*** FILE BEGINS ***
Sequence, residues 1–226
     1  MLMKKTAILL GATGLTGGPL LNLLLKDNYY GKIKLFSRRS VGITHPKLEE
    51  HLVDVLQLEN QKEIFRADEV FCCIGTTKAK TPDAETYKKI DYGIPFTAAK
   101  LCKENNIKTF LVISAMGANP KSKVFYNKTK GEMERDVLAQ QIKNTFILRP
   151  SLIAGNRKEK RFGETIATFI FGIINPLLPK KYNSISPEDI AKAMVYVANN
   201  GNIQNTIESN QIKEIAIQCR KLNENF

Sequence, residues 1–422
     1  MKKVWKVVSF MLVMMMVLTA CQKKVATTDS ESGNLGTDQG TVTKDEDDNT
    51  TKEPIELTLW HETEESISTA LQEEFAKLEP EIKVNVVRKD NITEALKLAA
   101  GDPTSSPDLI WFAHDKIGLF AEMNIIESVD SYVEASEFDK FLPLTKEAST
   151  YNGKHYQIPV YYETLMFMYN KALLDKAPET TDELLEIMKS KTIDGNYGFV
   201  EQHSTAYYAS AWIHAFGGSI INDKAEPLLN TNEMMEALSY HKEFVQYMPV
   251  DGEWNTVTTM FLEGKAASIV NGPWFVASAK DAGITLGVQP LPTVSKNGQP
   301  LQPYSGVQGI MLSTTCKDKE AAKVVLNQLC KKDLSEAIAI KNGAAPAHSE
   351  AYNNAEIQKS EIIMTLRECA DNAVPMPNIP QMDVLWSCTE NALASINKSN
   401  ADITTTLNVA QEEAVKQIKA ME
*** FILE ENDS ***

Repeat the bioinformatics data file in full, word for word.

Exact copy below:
Sequence, residues 1–226
     1  MLMKKTAILL GATGLTGGPL LNLLLKDNYY GKIKLFSRRS VGITHPKLEE
    51  HLVDVLQLEN QKEIFRADEV FCCIGTTKAK TPDAETYKKI DYGIPFTAAK
   101  LCKENNIKTF LVISAMGANP KSKVFYNKTK GEMERDVLAQ QIKNTFILRP
   151  SLIAGNRKEK RFGETIATFI FGIINPLLPK KYNSISPEDI AKAMVYVANN
   201  GNIQNTIESN QIKEIAIQCR KLNENF

Sequence, residues 1–422
     1  MKKVWKVVSF MLVMMMVLTA CQKKVATTDS ESGNLGTDQG TVTKDEDDNT
    51  TKEPIELTLW HETEESISTA LQEEFAKLEP EIKVNVVRKD NITEALKLAA
   101  GDPTSSPDLI WFAHDKIGLF AEMNIIESVD SYVEASEFDK FLPLTKEAST
   151  YNGKHYQIPV YYETLMFMYN KALLDKAPET TDELLEIMKS KTIDGNYGFV
   201  EQHSTAYYAS AWIHAFGGSI INDKAEPLLN TNEMMEALSY HKEFVQYMPV
   251  DGEWNTVTTM FLEGKAASIV NGPWFVASAK DAGITLGVQP LPTVSKNGQP
   301  LQPYSGVQGI MLSTTCKDKE AAKVVLNQLC KKDLSEAIAI KNGAAPAHSE
   351  AYNNAEIQKS EIIMTLRECA DNAVPMPNIP QMDVLWSCTE NALASINKSN
   401  ADITTTLNVA QEEAVKQIKA ME